(CNN) — The 10-year-old American girl went to the Vatican on a prayer of maybe, just maybe, meeting the Pope this week to deliver an important message.
Her prayer was answered, against all odds.
But for a while, Jersey Vargas’ pilgrimage seemed doomed when a bystander pushed the little girl in a pink hat out of the way as the Pope approached a Vatican grandstand filled with supplicants and the faithful.
“I had to get through a fence, and I was waiting for a long time,” said the 10-year-old girl from Panorama City, California, near Los Angeles. “But when Pope Francis was getting near me, there was a woman who pushed me because she didn’t want me there because Pope Francis was coming near. So I started to cry because when she pushed me, it did hurt.”
A Good Samaritan saw the weeping child and gave her a front-row position to see Pope Francis.
Pope Francis barely saw Jersey standing eye-high at a white-draped railing. He approached her. He touched her head. He blessed her.
The family now has photographs of the extraordinary encounter between their small daughter and the people’s Pope, who’s increasingly shown a penchant to enter a crowd and mingle.
It was then that Jersey delivered a message that she had carried for more than 6,300 miles.
“I told him, ‘Please help my family because we are suffering and my dad is suffering deportation and it’s not fair. Other children are suffering because their parents are getting separated,'” Jersey recounted.
She was referring to how U.S. immigration policy — a vexing issue that has left Congress polarized and gridlocked about how to reform it — breaks apart families by deporting parents who are undocumented immigrants while allowing their U.S.-born children to remain in the country, left in the care of relatives or on their own.
Her message on Wednesday just happened to be delivered as President Barack Obama was about to visit Pope Francis at the Vatican. In fact, the two leaders discussed immigration reform on Thursday, though no formal agreements were made, the Vatican said.
Jersey even gave the Pope a simple gift during their chance meeting.
The offering was a cloth napkin, embroidered with an image of two birds, made by Jersey’s mother.
The birds represented her mother and father. Also embroidered on it was a legend: “Nest of Love,” it said.
But that nest isn’t complete because her father faces deportation.
“Pope Francis had it in his hand,” she said of the napkin. “I told him about my family, and that’s when he blessed me and touched my head.”
The girl was flanked by chaperones and fellow members of a group called Hermandad Mexicana (Mexican Brotherhood), which trekked to the Vatican to bring attention to U.S. immigration reform efforts. To get the Argentina-born Pope’s attention, they carried a banner that stated in Spanish: “Dear Pope Francis, Help us legalize our parents.”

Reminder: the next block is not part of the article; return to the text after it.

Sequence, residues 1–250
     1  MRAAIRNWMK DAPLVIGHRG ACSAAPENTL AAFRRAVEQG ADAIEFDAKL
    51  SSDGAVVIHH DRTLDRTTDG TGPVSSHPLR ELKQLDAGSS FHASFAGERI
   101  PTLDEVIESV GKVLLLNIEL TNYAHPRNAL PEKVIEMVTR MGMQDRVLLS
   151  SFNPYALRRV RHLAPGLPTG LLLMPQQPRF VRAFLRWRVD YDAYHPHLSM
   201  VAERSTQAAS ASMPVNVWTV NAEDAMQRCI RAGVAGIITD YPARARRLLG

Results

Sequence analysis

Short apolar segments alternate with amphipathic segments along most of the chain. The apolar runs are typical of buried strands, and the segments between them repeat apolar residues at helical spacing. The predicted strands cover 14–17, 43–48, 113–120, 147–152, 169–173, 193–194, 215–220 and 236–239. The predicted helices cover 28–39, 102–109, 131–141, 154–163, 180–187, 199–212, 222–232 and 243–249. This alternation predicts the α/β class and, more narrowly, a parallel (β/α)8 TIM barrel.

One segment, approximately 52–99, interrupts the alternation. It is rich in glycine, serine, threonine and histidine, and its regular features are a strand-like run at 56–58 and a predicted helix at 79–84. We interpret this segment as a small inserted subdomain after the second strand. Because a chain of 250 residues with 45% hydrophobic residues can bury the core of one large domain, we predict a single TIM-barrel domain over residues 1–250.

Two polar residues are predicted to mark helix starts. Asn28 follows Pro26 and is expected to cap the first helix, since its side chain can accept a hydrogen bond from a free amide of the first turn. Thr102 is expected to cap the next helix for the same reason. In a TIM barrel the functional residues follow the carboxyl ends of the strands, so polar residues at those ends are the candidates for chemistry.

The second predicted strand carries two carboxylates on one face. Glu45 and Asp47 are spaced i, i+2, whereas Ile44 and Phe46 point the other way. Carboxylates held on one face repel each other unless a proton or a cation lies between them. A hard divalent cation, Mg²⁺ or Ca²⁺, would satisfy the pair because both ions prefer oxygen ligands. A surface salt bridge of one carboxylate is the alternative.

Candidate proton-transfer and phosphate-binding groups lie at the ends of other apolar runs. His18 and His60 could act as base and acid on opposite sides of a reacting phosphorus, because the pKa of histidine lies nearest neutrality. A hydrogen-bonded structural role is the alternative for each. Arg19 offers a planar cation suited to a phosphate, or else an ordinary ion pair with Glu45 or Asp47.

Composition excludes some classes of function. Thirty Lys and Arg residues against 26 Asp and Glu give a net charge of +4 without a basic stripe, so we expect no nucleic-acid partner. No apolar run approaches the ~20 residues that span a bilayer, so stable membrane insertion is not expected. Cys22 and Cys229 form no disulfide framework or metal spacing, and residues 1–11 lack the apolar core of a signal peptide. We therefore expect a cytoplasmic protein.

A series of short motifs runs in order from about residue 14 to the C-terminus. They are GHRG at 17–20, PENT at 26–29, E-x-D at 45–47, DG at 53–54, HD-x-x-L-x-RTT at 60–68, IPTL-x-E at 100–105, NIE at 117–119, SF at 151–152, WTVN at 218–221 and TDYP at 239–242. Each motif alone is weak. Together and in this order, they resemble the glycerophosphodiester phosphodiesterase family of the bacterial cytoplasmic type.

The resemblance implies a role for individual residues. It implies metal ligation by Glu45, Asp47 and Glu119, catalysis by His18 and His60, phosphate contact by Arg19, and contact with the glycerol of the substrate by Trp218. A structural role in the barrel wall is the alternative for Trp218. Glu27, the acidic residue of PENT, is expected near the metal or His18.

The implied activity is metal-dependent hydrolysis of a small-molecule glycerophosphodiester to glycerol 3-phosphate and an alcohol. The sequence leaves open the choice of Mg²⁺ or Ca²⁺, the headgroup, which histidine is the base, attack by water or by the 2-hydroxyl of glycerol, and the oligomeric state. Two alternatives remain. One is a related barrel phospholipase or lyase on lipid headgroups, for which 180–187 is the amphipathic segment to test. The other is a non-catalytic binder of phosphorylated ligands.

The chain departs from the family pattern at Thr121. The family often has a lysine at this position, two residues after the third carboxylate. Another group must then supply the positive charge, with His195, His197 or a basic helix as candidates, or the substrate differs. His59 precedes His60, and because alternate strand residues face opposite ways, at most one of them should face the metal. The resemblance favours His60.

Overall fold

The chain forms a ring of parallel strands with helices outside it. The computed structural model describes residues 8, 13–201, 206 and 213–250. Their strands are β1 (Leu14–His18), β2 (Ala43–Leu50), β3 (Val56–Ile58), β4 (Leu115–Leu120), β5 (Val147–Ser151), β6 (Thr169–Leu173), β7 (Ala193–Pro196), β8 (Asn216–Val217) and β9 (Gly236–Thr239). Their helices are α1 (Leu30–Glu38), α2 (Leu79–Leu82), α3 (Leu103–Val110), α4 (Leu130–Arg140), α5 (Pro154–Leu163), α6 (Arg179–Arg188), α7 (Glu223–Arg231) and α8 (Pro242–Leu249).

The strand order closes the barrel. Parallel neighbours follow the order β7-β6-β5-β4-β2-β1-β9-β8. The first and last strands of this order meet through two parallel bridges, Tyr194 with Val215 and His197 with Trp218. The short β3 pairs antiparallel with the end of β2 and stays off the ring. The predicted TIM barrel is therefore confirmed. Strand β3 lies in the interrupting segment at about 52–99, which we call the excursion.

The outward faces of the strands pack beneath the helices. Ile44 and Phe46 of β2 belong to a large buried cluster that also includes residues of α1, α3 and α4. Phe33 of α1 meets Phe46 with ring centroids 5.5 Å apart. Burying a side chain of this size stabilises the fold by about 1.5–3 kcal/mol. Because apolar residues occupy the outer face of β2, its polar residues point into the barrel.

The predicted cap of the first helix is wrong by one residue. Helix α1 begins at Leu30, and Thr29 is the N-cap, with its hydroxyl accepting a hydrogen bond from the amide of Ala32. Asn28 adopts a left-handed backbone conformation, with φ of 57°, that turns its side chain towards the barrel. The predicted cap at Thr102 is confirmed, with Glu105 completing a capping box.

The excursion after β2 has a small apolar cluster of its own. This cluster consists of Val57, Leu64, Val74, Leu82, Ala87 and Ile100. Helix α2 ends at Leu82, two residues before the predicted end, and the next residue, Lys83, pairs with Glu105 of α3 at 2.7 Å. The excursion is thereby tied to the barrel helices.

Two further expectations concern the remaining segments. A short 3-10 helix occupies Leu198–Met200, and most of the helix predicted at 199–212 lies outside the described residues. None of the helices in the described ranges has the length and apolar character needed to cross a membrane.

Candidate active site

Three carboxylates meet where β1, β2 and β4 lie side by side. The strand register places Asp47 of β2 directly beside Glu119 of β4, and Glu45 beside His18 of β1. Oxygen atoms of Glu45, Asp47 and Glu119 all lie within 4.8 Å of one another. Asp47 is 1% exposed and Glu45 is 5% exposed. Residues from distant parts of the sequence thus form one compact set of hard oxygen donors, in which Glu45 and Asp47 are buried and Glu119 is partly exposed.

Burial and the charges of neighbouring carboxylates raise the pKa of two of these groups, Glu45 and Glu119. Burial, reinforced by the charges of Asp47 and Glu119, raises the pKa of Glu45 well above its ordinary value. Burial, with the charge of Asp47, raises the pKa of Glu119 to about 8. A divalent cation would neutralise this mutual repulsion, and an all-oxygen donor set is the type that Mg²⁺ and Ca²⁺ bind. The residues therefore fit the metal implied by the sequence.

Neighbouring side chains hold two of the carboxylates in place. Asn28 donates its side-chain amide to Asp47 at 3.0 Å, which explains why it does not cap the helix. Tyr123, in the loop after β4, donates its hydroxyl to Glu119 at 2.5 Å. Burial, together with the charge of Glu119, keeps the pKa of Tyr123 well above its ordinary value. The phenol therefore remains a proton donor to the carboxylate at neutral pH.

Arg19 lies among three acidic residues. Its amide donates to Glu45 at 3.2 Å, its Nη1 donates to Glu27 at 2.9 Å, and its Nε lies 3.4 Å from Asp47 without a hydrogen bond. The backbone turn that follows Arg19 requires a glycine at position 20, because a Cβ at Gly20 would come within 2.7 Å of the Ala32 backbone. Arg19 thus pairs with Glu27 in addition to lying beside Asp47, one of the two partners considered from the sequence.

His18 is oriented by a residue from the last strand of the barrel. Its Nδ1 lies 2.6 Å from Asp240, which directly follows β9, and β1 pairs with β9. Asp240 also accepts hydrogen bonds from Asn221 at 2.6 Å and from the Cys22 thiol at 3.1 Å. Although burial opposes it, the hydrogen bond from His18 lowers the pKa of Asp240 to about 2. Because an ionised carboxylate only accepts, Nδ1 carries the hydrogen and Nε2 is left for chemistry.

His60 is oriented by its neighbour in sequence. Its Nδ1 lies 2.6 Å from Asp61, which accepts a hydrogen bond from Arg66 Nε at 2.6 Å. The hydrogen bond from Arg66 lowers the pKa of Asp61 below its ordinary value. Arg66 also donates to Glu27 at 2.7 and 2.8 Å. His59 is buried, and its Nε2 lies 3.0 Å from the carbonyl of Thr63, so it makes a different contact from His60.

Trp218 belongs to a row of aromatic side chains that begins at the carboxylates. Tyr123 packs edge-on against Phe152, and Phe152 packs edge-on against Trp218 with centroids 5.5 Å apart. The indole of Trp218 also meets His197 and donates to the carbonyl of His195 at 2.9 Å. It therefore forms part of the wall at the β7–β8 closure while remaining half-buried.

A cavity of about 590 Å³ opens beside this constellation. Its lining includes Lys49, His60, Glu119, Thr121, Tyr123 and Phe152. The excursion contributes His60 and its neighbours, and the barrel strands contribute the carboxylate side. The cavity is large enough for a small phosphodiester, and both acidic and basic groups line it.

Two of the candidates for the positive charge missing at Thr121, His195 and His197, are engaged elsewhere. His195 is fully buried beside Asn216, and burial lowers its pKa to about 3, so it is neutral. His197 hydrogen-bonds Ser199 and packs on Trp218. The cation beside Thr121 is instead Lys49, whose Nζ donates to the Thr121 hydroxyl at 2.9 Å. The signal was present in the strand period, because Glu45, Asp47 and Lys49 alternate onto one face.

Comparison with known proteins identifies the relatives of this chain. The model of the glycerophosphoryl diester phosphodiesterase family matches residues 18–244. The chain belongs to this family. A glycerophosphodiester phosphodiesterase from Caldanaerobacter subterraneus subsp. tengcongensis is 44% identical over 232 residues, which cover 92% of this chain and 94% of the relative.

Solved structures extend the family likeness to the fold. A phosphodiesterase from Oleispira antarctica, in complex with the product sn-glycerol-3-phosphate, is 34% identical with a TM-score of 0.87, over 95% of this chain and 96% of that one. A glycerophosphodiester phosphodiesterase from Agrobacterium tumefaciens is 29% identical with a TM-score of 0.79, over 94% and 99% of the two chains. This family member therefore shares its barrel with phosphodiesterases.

Lola Vargas, Jersey’s mother, said she’s so happy that her daughter was able to talk to the Pope.
“She told me what happened and what she told the Pope. I am so proud of her and she represents other kids who are in the same situation,” the mother said.
Jersey’s father, Mario Vargas, 43, was arrested in Blount County, Tennessee, for driving under the influence last September, said U.S. Immigration and Customs Enforcement officials. He was later convicted of the charge, officials said.
At the time, Mario Vargas was working a construction job, said family attorney Alex Galvez.
The father was then transferred to Louisiana because there was no ICE detention center in Tennessee.
“The police took him into custody and forgot about him for two months,” Galvez said, “He was recently turned into ICE when the police filed the deportation proceedings two weeks ago.”
Galvez said he spoke to the judge a week ago and presented the family’s situation. The judged asked for the family to post bail of $15,000 but the family’s attorney was able to reduce the bond to $5,000.
Galvez said Jersey’s father was released on bail Friday, but the family still faces a legal battle in his ongoing deportation proceedings. Galvez hopes to transfer his case to Los Angeles and said Mr. Vargas will be returning home with his family this weekend.
Jersey’s visit was part of a campaign where 11 immigration activists, plus some relatives, traveled to Rome hoping to talk to Pope Francis and ask him to speak to Obama about immigration reform.
Doris Benavides of the Los Angeles Archdiocese said Archbishop Jose H. Gomez has been a big supporter of children like Jersey and their crusade for reform.
Earlier this year Gomez relayed more than 1,000 letters to Pope Francis from children whose families members were facing deportation or were deported.
“Archbishop Gomez met Jersey at the Cathedral of Our Lady of Angels and thinks she is poised and articulate and has never met anyone like her,” said Benavides.
Gomez helped the group by sending a letter to the Vatican requesting 17 tickets for the group, so they could have a viewing space Wednesday outside the Vatican, Benavides said. The 17 tickets were granted. But Jersey was lucky enough that she was able to get very close and deliver her message.
The Los Angeles Archdiocese believes that this visit to Rome will open a dialogue on how important immigration reform is.
“Jersey’s story will help see the suffering caused in families by a broken immigration system,” said Benavides.
The archbishop also posted a comment on his Facebook page. “Please keep praying for Jersey and for all the families who are suffering because of our broken immigration system,” he said.
Jersey hopes that her messages will be heard.
“I am very proud of myself because I already accomplished my mission, that was to talk to him and to please stop deportations because the kids are suffering,” she said.
By Michael Martinez and Jaqueline Hurtado
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